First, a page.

# Stress Resultant

1. Aug 15, 2009

### recreated

Can someone please tell me how to find the stress resultant of a section of a cantilevered beam as shown in dia. below? The dashed x, y line is showing the centroid (if that makes a difference for this question)

I know how to find the bending moments and sheer stress, but I am not sure what stress resultant actually means so it makes it 'slightly' hard to find it. If somone manages to just define in simple terms the expression 'stress resultant', or just gives me a bit of advice I should be able to find it easily I think.

Thanks, James.

#### Attached Files:

• ###### okl.jpg
File size:
9.6 KB
Views:
214
2. Aug 18, 2009

### nvn

recreated: Are you sure you gave us the whole wording of the question? In the context of an entire cantilever cross section, this is a slightly tricky question. In this context, a stress resultant is the total force acting on the entire cantilever cross section, for each different type of stress. In other words, the stress resultants at a given cross section of your cantilever, on the entire cross section, are shear force Fy, and moment Mx, on the cross section.

3. Aug 18, 2009

### Kokuson

Hi,

You should mention where are you taking the cross section.

If you want to find the stress resultant. You know there are two types of stress : Shear & Normal.

But there are two main types of stress which they are shear and normal stresses.
There are shear stress caused by: A force parallel to the cross section (Average shear), a shear stress caused by Torsion and the real shear stress (not the everage) in which you should find the Area moment, Moment of inertia and you should know a particular deepness on the cross section where you want to find the shear stress.

As for the Normal stress, there are normal stress caused by bending of the beams and you also need to know the deepness of the location you want to find the stress as the stress varies with deepness of cross section. and there are normal stress caused by axial forces (Average normal stresses).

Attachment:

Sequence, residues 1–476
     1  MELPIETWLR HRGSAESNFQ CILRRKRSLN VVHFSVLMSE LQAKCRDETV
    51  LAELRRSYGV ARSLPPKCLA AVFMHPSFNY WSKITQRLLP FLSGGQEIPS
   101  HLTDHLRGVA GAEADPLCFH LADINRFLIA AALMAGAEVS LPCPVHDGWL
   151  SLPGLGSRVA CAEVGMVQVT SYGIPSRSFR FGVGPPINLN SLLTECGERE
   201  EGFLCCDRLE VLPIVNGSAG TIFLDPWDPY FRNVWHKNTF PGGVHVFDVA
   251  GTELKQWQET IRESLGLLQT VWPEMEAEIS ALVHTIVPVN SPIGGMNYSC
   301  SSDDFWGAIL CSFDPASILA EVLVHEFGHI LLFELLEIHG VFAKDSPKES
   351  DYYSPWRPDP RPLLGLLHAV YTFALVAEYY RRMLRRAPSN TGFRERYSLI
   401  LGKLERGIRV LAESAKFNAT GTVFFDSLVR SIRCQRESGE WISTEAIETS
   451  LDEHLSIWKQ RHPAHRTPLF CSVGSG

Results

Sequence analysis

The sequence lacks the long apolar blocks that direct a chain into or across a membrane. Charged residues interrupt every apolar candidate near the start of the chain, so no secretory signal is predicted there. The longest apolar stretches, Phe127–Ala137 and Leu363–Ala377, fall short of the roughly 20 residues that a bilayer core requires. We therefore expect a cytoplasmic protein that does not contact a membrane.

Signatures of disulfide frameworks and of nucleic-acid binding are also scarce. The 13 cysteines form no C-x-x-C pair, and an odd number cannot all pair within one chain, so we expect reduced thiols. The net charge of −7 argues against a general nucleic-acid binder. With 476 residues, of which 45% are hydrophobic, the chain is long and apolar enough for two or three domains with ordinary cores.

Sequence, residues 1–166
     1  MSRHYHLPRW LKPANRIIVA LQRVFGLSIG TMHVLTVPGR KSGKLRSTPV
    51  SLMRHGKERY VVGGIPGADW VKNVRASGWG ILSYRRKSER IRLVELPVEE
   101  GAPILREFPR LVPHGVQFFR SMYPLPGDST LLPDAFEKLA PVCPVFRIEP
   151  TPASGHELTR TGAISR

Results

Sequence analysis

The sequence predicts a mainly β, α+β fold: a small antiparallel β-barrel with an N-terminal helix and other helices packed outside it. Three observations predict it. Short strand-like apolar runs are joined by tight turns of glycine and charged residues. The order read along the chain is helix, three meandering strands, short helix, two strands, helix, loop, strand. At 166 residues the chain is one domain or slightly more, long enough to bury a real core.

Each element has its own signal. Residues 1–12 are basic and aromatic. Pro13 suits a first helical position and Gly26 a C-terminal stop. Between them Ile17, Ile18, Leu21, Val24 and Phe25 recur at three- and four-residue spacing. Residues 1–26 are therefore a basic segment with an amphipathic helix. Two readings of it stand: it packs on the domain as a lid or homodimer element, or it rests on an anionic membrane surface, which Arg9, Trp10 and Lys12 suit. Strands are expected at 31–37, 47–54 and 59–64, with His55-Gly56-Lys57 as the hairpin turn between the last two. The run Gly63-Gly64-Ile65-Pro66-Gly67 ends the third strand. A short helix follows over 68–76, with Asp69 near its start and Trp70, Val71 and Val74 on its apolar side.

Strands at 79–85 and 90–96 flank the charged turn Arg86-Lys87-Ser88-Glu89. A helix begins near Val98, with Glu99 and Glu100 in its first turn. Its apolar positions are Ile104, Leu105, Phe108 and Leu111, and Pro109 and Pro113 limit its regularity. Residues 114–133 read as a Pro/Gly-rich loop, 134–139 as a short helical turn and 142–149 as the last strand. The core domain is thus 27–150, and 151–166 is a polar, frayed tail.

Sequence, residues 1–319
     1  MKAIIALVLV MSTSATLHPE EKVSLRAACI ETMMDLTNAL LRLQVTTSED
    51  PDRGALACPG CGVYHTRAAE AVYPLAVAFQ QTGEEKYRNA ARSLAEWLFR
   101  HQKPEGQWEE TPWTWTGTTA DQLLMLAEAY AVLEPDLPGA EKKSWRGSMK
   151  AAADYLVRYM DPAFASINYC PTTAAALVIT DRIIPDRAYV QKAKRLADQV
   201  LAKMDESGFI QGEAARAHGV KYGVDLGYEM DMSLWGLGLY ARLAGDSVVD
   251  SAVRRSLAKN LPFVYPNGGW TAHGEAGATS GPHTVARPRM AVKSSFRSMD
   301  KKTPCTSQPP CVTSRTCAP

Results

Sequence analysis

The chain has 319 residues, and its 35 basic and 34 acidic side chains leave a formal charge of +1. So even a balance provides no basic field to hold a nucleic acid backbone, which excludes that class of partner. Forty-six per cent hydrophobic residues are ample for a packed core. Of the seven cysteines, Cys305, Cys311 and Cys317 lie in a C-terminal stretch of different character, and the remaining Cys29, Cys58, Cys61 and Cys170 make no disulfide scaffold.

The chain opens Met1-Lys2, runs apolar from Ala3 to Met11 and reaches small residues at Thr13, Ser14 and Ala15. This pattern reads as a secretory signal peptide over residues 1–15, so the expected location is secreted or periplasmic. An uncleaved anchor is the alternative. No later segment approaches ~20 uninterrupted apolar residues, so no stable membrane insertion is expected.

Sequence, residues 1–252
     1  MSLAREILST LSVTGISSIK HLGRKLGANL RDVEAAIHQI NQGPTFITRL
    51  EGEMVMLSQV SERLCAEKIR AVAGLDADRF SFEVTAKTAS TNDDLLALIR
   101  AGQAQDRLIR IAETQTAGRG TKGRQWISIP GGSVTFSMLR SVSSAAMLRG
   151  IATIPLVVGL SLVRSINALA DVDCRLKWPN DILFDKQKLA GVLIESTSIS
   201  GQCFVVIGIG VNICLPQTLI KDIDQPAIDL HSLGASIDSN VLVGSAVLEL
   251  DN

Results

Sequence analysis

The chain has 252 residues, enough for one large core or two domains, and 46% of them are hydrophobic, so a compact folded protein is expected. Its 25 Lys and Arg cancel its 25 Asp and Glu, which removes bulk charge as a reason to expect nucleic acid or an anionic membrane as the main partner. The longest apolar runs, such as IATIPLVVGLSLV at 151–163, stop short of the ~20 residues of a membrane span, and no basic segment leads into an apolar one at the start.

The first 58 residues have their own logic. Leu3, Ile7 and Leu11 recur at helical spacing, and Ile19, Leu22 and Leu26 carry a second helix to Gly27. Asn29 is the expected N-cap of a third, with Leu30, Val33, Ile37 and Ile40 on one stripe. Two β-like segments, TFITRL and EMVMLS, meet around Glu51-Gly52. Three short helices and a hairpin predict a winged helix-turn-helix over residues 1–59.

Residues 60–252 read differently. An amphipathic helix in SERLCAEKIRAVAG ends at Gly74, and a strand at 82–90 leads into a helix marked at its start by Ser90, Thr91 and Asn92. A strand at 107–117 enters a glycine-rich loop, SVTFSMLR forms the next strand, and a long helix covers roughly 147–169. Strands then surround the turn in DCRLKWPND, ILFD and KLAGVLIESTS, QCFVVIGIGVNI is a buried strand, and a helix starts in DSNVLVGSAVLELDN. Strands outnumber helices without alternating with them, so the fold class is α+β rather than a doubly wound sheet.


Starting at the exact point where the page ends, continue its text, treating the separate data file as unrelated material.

And Total shear stress = Average Shear stress + Shear stress due to torsion + Real shear stress (Note: I do not see any causes of torsion stress in your figure)

Total normal stresses Normal stress (average) + Stress due to bending.

regards

4. Aug 20, 2009

### nvn

It appears Kokuson currently misunderstood the question, and is talking about just stress in post 3 (and additive stresses). But post 1 is asking about stress resultant, not stress. A stress resultant is force, not stress. A stress resultant is stress multiplied by a given thickness, for each different type of stress. Or in the unusual case of post 1, a stress resultant is stress multiplied by a given area (the cantilever cross-sectional area). Therefore, for post 1, the stress resultants are simply the forces acting on the cantilever cross section.

And, some people might be under the misconception that, after you find these force vectors, you then compute a resultant vector. That is generally not the case. You generally cannot describe a stress state with only one vector and orientation. Therefore, combining all stress resultants into a single vector generally would not make sense, or often would not be useful.

5. Aug 21, 2009

### Kokuson

Stress resultant = force ?

This is the first time I hear this in my life. May there are diffrences in terms.
By the way, I studied Hibbler's Mechanics of Materials.

regards